A small area of the Coronado National Forest adjacent to the Mexican border is given over to the Coronado National Memorial, which commemorates the expedition of Francisco Vásquez de Coronado in 1540, the first known excursion of Europeans into the United States. Francisco was a Spanish governor who arrived in Mexico in 1535 and was chosen to lead a large group of settlers charged with exploration of the then unknown territories to the north, suggested by rumors of the time to include major cities decorated with gold and jewels - the 'Seven Cities of Cibola'.
Coronado entered what is now Arizona along the San Pedro River valley, a few miles east of the memorial, then continued north along a route marked today as the Coronado Trail, though there is no trace of his passage remaining today. Instead, the site offers several hiking trails through the wooded foothills of the Huachuca Mountains, excellent views over the river valley and south into Mexico, a cave, and an interesting variety of plant and animal life. All could be seen in less than one day and the area is quite isolated and not well known hence does not get many visitors. But there are many other hiking possibilities in the national forest to the west and north, and it is close to other historic sites like Tombstone and Bisbee.
Coronado National Memorial is reached by driving 40 miles south along AZ 90 then AZ 92, starting from exit 302 of I-10 at Benson, then 5 miles west along Coronado Road (FR 61). It is not well signposted. The drive is along the west side of the San Pedro valley, between two rather barren mountain ranges; the immediate surroundings are empty grassland at first but become quite built up around the Fort Huachuca Military Reservation and the dispersed town of Sierra Vista, where much new housing development has taken place. En route, AZ 90 passes the Kartchner Caverns State Park, containing a beautiful cave system whose discovery was only reported as recently as 1978, though tours are rather expensive ($23 per person in 2021), and no photography is permitted.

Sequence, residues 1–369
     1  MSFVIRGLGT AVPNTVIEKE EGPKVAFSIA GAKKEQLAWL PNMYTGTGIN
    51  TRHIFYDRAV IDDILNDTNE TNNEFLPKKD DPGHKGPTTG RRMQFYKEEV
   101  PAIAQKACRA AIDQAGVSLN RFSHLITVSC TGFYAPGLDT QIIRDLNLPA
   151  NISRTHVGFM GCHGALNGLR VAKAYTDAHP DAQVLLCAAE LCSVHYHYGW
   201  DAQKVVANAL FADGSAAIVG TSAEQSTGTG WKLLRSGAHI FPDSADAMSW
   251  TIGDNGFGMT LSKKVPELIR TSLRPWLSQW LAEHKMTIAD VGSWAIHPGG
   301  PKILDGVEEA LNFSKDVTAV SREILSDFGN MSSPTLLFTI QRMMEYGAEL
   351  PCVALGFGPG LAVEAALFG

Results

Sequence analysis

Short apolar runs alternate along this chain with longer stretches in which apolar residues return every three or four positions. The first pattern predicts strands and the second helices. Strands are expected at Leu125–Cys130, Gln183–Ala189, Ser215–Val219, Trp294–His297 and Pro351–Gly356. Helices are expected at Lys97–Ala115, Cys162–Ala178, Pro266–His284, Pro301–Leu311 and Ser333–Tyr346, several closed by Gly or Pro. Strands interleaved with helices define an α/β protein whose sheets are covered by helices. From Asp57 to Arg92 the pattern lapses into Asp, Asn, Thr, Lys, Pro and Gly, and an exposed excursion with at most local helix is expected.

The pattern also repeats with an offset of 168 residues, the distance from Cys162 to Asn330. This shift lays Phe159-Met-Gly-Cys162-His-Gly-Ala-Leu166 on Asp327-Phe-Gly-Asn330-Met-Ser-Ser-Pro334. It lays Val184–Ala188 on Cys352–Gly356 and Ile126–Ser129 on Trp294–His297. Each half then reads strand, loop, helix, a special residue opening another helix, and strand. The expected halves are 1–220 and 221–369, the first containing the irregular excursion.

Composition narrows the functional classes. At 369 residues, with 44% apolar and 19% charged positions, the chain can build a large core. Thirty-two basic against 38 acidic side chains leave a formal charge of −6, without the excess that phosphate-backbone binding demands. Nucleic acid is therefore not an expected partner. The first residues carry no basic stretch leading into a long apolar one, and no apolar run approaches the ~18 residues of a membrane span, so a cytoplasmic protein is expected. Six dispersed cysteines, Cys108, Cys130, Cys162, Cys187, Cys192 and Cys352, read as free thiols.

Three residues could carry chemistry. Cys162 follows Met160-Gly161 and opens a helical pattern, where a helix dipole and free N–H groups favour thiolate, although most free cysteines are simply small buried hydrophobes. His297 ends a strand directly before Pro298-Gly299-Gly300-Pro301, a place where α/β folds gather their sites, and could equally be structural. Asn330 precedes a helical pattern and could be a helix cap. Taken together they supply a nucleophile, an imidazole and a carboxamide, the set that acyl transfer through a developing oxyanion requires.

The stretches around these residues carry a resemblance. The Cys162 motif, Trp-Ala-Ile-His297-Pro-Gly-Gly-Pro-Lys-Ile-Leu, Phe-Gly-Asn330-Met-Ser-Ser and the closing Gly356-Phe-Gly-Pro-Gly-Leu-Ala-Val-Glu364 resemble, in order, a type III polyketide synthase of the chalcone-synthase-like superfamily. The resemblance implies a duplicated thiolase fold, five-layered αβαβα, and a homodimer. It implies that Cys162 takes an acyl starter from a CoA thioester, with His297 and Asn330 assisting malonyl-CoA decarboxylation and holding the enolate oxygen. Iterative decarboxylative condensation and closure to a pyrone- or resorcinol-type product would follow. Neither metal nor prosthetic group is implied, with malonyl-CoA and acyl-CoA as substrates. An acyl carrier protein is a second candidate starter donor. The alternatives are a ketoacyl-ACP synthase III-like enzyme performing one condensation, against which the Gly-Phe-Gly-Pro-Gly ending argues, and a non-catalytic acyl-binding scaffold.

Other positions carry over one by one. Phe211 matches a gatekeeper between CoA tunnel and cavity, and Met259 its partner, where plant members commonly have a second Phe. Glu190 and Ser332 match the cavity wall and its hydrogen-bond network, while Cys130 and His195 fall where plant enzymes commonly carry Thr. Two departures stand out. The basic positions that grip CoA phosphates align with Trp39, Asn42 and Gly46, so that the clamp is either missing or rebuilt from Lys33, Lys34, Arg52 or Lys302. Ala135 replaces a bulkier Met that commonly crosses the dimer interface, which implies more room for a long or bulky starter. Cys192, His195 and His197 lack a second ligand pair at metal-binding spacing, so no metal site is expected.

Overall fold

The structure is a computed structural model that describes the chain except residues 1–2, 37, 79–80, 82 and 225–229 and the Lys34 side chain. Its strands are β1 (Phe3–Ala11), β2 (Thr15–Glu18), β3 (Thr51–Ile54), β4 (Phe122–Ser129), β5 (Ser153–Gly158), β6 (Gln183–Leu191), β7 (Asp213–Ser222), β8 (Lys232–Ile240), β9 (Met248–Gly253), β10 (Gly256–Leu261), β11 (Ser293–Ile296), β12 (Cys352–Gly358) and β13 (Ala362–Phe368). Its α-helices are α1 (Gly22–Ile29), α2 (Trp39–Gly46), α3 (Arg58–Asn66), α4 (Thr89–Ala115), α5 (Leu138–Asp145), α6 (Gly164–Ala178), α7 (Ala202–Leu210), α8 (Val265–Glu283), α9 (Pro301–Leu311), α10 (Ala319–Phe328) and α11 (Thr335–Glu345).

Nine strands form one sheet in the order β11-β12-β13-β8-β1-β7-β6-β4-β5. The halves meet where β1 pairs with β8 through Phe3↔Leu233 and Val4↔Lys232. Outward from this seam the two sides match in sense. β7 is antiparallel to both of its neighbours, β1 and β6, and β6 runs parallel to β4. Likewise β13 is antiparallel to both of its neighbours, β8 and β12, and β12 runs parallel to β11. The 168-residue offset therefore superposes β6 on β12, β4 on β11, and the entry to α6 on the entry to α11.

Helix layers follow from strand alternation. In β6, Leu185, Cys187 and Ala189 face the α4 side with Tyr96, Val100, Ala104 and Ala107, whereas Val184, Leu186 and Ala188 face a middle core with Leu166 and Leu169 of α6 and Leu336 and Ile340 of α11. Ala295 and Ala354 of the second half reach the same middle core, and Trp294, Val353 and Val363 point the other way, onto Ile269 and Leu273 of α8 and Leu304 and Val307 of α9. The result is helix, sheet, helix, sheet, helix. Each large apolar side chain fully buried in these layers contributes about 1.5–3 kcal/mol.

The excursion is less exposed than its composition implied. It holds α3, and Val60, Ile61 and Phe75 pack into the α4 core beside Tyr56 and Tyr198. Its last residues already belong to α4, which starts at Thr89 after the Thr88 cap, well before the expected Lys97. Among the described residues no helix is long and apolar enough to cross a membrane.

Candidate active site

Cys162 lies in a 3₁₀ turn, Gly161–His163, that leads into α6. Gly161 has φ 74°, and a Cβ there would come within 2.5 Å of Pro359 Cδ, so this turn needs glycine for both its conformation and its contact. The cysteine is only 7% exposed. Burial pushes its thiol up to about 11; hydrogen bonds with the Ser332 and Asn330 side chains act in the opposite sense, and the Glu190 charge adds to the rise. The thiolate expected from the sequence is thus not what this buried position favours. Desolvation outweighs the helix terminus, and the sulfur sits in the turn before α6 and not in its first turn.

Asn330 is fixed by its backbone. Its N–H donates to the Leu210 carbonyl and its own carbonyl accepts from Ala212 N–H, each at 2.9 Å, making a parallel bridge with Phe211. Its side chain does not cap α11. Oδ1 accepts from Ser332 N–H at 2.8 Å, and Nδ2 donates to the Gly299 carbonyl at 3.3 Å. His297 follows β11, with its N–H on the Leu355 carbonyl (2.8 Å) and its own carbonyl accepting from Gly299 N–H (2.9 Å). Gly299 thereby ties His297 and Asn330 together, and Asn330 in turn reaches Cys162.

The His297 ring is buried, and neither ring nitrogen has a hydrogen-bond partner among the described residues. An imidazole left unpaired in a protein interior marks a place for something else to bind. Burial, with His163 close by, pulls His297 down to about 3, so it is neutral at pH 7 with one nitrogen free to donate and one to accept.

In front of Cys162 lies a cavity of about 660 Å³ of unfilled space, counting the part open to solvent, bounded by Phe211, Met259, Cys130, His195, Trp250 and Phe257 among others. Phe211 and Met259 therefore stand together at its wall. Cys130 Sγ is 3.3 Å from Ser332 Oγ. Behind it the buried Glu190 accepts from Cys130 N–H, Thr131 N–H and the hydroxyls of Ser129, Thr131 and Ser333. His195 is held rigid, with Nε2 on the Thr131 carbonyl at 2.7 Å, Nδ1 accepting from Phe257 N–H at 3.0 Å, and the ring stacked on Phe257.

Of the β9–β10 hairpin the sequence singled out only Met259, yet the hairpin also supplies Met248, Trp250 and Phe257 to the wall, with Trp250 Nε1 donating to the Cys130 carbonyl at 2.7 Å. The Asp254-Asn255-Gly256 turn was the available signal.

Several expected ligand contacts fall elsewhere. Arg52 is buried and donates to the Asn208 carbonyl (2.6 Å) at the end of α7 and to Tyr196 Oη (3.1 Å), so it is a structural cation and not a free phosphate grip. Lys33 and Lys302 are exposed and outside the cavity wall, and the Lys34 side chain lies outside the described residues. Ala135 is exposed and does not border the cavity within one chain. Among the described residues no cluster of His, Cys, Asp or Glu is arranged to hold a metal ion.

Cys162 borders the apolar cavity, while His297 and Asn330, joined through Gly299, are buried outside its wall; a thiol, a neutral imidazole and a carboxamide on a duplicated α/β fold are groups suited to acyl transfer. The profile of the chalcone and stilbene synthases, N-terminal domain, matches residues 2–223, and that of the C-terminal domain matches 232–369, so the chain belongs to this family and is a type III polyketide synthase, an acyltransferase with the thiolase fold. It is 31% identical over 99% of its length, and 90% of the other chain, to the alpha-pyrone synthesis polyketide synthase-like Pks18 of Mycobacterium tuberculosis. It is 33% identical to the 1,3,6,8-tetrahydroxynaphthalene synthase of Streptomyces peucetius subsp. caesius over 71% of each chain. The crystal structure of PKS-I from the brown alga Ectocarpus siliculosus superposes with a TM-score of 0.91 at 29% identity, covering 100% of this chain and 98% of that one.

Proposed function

Most unusually for an NPS location, there is no entry fee at Coronado. After the park entrance, the approach road climbs gradually, into oak woodland, and soon passes the visitor center. Coronado Cave
, a small cavern with limestone formations.
From here, a 0.5 mile path leads up a hillside to The memorial road continues through the forest up Montezuma Canyon, becomes quite narrow and twisting, then unpaved at the far end of the valley where it ascends sharply with several tight turns and past precipitous drop offs; no vehicles longer than 24 feet are allowed. The road reaches a fine overlook at the top of a ridge (Montezuma Pass
), close to the western edge of the memorial, a point with excellent views down the canyon and west over more desert and mountains towards Nogales, to where the unpaved road leads after another 50 rough miles. A short trail
ascends gradually to the top of Coronado Peak
(6,864 feet), with even better views, including south to distant mountains in Mexico.
There are two main hiking paths in Coronado National Memorial - one is Joe's Canyon Trail
, descending 1,350 feet from Montezuma Pass along a ridge then down a side canyon back to the visitor center, initially through bushy grassland then into the oak woodland. This is best hiked downhill as a one-way trip, if a car shuttle is available. The second is the Yaqui Ridge Trail
, just over 1 mile long but also quite steep, this drops 500 feet down a ravine, right to the border with Mexico, and international boundary post number 102. The path itself is unremarkable but it is worthwhile to stand at this very remote spot at the edge of the country, or even step over the fence into a different land. The course of the border is visible a long way west, as a barbed wire fence running dead straight over the uninhabited grasslands. This point is also the southern terminus of the Arizona Trail, a cross-state route spanning 790 miles that ends in the north at the Utah border in Coyote Valley, near the Paria River.